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Incredible ex-serviceman honoured for his battle to combat post-traumatic stress disorder

PUBLISHED: 16:38 09 November 2019 | UPDATED: 17:50 09 November 2019

Army veteran and former prison and fire officer Nigel Seaman started the Combat2Coffee business with school friend Andrea Jelley  Picture: OLIVER SULLIVAN

Army veteran and former prison and fire officer Nigel Seaman started the Combat2Coffee business with school friend Andrea Jelley Picture: OLIVER SULLIVAN

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An awe-inspiring former soldier had the crowd in tears after collecting a Stars of Suffolk Award for his support to help veterans' mental health.

Stars of Suffolk Armed Services Award winner, Nigel Seaman, pictured with award sponsor Simon Illet from Cipher Crystal Picture: BRITTANY WOODMANStars of Suffolk Armed Services Award winner, Nigel Seaman, pictured with award sponsor Simon Illet from Cipher Crystal Picture: BRITTANY WOODMAN

Diagnosed with post-traumatic stress disorder more than three years ago, inspirational former Royal Anglian Nigel Seaman set up mobile coffee shop Combat2Coffee in a bid to raise money for veterans and their families - and help them open up and deal with poor mental health.

Still experiencing challenges himself, Mr Seaman was reduced to tears as he was handed the Armed Services Award at the gala evening at Greshams Ipswich on Thursday - adding if it wasn't for the support of other veterans like him, he wouldn't be alive.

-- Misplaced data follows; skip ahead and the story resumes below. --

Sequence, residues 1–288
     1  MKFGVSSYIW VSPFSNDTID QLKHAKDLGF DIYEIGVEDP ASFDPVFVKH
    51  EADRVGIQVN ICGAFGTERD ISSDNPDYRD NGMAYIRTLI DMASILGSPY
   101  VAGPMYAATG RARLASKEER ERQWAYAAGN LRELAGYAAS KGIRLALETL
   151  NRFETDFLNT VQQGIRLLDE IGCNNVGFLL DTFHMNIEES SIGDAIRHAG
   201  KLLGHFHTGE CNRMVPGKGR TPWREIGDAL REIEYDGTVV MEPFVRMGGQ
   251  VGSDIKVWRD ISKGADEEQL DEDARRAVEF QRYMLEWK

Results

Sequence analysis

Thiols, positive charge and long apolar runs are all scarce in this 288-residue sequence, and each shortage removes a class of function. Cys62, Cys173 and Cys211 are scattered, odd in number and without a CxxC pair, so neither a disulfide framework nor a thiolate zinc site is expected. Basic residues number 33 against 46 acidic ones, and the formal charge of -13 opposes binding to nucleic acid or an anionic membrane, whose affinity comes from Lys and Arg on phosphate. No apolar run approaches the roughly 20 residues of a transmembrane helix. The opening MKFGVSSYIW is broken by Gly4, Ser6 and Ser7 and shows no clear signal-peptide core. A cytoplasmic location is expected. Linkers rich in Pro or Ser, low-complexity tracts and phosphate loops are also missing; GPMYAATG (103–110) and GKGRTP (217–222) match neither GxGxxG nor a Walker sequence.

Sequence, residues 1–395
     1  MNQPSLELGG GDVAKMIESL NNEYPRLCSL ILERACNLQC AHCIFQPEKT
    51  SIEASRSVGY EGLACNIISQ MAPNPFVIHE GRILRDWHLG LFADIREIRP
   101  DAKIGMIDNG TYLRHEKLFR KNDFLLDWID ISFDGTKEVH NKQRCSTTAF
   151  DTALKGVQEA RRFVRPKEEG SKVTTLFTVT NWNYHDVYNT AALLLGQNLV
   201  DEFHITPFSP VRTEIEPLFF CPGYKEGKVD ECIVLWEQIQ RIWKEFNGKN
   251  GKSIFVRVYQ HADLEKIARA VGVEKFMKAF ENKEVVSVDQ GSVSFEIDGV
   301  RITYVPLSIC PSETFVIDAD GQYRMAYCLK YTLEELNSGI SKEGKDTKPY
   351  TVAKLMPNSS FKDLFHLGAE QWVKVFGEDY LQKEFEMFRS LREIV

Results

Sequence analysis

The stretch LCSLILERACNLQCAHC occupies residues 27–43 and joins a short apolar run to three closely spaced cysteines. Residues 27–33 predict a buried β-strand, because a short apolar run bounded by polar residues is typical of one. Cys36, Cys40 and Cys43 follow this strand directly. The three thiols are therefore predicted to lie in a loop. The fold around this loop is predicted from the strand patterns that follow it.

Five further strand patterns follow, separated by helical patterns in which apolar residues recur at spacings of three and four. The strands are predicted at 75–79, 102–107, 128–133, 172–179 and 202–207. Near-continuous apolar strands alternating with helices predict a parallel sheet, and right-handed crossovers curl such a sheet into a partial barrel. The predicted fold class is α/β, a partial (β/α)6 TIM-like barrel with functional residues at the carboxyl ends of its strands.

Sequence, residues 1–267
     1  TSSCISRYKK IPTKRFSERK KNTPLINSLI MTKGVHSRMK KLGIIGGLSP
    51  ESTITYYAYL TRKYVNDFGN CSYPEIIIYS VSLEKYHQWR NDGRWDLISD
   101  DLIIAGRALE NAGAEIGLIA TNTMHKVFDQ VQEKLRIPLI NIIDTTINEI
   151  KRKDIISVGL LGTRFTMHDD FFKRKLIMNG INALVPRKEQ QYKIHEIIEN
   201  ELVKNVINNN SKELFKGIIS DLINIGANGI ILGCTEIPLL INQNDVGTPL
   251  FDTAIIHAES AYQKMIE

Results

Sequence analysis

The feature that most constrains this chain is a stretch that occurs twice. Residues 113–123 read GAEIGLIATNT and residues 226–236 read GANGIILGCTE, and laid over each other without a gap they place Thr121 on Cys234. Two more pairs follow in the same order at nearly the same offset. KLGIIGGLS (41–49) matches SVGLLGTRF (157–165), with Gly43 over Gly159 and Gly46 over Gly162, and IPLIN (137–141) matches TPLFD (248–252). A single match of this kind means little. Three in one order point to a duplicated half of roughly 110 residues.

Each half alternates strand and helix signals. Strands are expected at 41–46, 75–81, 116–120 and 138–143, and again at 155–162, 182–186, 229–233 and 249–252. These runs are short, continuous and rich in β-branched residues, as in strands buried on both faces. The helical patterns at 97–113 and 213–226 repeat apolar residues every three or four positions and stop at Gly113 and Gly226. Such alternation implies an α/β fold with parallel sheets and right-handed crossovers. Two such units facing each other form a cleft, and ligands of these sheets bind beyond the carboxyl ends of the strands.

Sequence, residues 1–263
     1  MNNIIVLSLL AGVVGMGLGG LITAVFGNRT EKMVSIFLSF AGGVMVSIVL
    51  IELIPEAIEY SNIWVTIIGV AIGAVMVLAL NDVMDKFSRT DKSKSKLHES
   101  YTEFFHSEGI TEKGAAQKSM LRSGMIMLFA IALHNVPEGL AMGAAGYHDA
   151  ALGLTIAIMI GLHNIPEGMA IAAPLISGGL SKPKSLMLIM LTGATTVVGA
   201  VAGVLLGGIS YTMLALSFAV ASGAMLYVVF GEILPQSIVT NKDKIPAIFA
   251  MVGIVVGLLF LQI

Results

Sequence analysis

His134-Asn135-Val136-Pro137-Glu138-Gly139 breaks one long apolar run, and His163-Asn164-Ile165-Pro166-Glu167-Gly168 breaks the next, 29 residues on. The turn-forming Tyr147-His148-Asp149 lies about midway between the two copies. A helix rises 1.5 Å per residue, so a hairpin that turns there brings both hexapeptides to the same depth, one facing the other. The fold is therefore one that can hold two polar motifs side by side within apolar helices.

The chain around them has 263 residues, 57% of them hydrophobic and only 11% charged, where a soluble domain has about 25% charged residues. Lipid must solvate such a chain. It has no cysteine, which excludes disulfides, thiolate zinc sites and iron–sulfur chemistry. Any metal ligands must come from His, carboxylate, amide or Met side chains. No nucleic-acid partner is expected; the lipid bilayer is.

But clearly it wasn't just the audience on Thursday who were inspired by his business venture, as his company has grown from one to three mobile units, sent to events across the country in a bid to raise awareness.

Receiving his award, Mr Seaman said: "I'm incredibly humbled, but I don't do what I do to win awards. I do this for the people out there like me who are going through hard times."

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Mr Seaman, who is in talks to open up a fourth mobile unit, hopes to sell his coffee in supermarkets to help yet more veterans in need.

Alongside training veterans to become baristas, every cup or bag of coffee sold sees money donated to Combat Stress - an armed forces charity that provided counselling after an injury saw him unable to work.

He added: "My family really struggled when I was poorly and that's the biggest thing for me. I don't want other families to go through what we've been through together. Families undeservedly become victims too.

"This award gives me yet more confidence to continue what I do, and continue to encourage people to talk about their mental health - as there really isn't anything people should be scared about.

"Life is about second chances - and thankfully I've been given that chance."

Not knowing who had nominated him for the award, Mr Seaman admitted he has been overwhelmed by the support of his friends, family and the general public.

Mr Seaman added: "I have no idea who nominated me for the award, but I really want to thank them. I still have my bad days, but to know people support what I do is one of the best feelings in the world."

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